Experiencing Early Pregnancy Loss
What you can do next, what you didn’t do wrong and how to cope with the loss
In 2004, my husband and I decided to start a family. We worried that we wouldn’t be prepared for the challenges of parenting and how children would impact our marriage. But we never once worried that I might miscarry.
Around eight weeks, our baby no longer had a heartbeat. While driving home from my appointment, I couldn’t stop crying. I tried to downplay my emotions. The baby was the size of a grape. I told myself that other women had experienced much greater losses. But my grief was persistent and enormous.
In the coming days and weeks, I felt angry and alone. I wondered if I did something wrong. I wondered if I would ever have children. And I didn’t understand why my heart was taking so long to heal.
Preparing for a new baby is supposed to be a happy time. No one wants to talk about miscarriage. So when a loss occurs, it can come as a shock.
Even among healthy, younger women, the risk of miscarriage is between 10% and 15%, says Dr. Kelly Acharya, M.D., assistant professor of reproductive endocrinology and infertility at Duke Obstetrics & Gynecology in Durham. For women in their mid-40s, the risk can be as high as 50%.
Experiences like mine aren’t unusual, agrees Julia Woodward, a clinical psychologist at Duke Fertility Center in Durham. She says every woman’s journey through pregnancy loss is unique, and it can take months — or even years — to process it.
Woodward says many of her patients, however, grieve their miscarriages in silence and secrecy. Women often dismiss their own grief since it happened early. They may also feel responsible for the loss, even when they know better.
Early pregnancy loss happens before 14 weeks and has several causes, Acharya says. Before five weeks, chemical pregnancies can occur. A pregnancy test shows positive, but a pregnancy never develops.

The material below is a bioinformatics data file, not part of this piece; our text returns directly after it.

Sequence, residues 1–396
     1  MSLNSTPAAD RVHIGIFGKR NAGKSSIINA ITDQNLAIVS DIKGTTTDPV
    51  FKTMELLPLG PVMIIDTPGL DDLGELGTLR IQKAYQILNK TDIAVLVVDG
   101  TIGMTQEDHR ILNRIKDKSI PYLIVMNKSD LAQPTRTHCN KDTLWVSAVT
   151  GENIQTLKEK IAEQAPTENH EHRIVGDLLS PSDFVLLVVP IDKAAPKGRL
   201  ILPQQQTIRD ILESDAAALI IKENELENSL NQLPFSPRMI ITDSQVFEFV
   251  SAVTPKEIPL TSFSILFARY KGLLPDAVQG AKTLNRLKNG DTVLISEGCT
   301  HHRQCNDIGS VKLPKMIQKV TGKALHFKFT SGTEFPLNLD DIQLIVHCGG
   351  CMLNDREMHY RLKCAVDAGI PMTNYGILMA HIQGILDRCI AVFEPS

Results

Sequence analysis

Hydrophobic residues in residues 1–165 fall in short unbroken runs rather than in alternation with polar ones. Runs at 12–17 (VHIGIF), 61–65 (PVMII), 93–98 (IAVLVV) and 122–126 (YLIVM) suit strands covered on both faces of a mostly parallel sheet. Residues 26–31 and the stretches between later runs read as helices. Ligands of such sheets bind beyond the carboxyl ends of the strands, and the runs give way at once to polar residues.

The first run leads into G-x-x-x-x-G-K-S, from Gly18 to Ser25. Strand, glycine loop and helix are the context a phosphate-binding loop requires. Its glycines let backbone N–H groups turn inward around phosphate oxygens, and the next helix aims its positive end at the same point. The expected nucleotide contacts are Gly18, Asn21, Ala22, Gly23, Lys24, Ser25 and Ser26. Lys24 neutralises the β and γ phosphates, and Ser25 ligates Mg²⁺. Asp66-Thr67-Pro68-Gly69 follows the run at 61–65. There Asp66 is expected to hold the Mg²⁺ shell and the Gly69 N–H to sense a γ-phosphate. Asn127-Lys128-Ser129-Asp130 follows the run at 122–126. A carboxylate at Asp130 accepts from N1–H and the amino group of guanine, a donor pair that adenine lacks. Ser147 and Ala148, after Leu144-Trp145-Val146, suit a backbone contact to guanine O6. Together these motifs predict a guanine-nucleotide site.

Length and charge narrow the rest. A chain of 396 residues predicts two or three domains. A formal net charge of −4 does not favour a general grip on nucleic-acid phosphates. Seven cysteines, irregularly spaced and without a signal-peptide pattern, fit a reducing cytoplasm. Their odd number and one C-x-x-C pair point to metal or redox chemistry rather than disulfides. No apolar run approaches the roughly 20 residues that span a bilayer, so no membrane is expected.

Embryonic pregnancies often come to light between six and eight weeks. A gestational sac forms but never develops a fetus. Genetic abnormalities could cause early miscarriages as well. The sperm and egg don’t share genetic material correctly.
The risk for miscarriage is at its highest in the first trimester, Acharya says. However, once a heartbeat is detected, the risk greatly decreases.
For women who experience two or more miscarriages, Acharya recommends a panel of tests to rule out common causes. Uterine abnormalities such as fibroids are detectable via an ultrasound. Blood work may uncover undiagnosed diabetes or thyroid issues. Both parents can undergo chromosomal testing to rule out genetic concerns.
The panel of tests may help providers understand why miscarriages took place. Providers then take appropriate action to prevent future losses. However, there aren’t always answers when it comes to miscarriage, Acharya says.
“About 40% of the time, we can find a reason with one of these tests for multiple miscarriages,” she says. That means, however, that 60% of those women never discover a medical cause for their loss. Women often have to look for other ways to make sense of their experience.